Water safety and representation with Justice Vandale-Niccolls

Justice Vandale-Niccolls is the Alberta Coordinator of the Indigenous Swimming and Water Safety Program for the Canadian Red Cross. Growing up between Saskatoon and Meadow Lake, her childhood was filled with swimming lessons and sunny afternoons splashing in Saskatchewan’s beautiful lakes. Now she is a fourth-year student at the University of Alberta in Edmonton.
Red Cross Talks discussed Justice’s passions for swimming and water safety, her job and career goals.
head and shoulders photo of Justice wearing a grey Red Cross polo shirt

Red Cross Talks: Tell me about your job with the Indigenous Swimming and Water Safety Program at Red Cross. What does a coordinator do?
Justice: My main job is to coordinate the staff and instructors. And through working with the communities and seeing what courses they’re interested in, I set up dates and times, and then I send my instructors to the communities to offer those courses. This year has been a little bit different, because we’re doing it virtually, but it’s the same idea.
Red Cross Talks: What’s your favourite part of the job?
Justice: Swimming lessons are definitely my favourite part and seeing how much benefit these courses are bringing, especially to communities that have had tragedies or a history of drownings.
Just seeing the kids light up with their new-found skills and leadership … I love it, it’s great.
Red Cross Talks: I understand that you identify as Métis. Why do you think it’s important to have Indigenous staff involved these programs?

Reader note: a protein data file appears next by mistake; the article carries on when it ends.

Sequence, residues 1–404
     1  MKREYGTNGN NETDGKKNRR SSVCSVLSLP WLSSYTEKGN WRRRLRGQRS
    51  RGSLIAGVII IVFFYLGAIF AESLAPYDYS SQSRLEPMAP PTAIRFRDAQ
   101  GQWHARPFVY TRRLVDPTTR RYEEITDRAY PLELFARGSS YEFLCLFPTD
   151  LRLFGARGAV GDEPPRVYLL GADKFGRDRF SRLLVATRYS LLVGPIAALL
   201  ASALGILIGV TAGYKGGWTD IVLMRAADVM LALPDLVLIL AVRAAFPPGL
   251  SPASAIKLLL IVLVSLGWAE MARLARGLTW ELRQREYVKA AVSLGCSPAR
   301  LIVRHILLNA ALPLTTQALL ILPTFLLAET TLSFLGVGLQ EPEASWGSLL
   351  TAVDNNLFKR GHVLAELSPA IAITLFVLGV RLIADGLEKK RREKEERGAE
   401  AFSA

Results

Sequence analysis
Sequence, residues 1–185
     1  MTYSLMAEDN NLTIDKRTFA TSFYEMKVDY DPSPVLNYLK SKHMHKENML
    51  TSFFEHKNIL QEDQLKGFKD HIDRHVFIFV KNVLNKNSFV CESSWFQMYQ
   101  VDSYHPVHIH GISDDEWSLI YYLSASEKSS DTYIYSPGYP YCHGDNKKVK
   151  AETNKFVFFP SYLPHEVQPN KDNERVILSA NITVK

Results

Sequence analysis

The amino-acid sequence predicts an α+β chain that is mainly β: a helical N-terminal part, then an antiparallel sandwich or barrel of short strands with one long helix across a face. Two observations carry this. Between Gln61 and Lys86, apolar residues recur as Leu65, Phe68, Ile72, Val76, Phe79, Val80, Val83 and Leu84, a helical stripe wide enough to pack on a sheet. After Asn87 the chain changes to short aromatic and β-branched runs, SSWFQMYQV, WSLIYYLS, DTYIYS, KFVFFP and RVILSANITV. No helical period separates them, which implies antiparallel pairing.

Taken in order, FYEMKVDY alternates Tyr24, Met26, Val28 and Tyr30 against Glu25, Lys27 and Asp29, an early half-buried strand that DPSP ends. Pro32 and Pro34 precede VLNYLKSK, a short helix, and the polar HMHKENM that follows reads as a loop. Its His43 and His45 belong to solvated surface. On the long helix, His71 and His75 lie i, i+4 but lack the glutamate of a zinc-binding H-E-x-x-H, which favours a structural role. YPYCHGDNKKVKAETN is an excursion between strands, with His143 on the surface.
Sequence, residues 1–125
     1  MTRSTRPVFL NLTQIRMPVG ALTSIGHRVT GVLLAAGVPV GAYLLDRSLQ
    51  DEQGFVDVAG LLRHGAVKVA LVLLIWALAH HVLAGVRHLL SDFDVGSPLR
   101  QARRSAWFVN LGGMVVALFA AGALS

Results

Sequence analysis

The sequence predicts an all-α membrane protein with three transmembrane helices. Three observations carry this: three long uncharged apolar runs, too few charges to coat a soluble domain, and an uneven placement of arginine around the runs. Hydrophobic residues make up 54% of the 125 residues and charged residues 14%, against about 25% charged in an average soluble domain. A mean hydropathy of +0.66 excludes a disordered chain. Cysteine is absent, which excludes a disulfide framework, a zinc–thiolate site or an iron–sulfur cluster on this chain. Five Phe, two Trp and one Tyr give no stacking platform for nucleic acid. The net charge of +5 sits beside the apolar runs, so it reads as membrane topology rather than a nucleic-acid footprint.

Justice: Representation is definitely important; it creates that connection and cultural safety. If they see another Indigenous person, a guard drops down because they understand where you’re coming from and they know the world that you live in as an Indigenous person. It instantly gets your foot in the door, and that connection is really important.
Red Cross Talks: What are you studying at university?
Justice: I was originally in a Native Studies / Education program, but I just switched. I would love to be a Cree Major, but because of the way the university works I’m doing a Native Studies Major with a Linguistics Minor.
Red Cross Talks: How does the fact that you speak some Cree help you in your job?
Justice: Because I’m very white-passing, the kids are like, “Wait, you speak Cree?” And I say, “Yes.” So, then we’ll talk about animals or simple things and they’ll say, “I know that!”, and it creates that personability and connection with them that’s nice. It’s been an asset.
Red Cross Talks: What do you hope to do after you’ve finished university?
Justice: My goal is language revitalization and helping teach Cree and keeping the language alive, and if not that, just general community work because giving back to the community is important. I’d like to work in some aspect of community resilience, self-governance and stuff like that. A lot of my job is doing just that, so I think it will definitely help me down the road.
Find more information on how the Indigenous Swimming and Water Safety Program was adapted this summer for COVID-19 here.

Adapting the Indigenous Swimming and Water Safety program for COVID-19
Reasons for hope during COVID-19 in Indigenous communities
Fun with floaties: water toy safety


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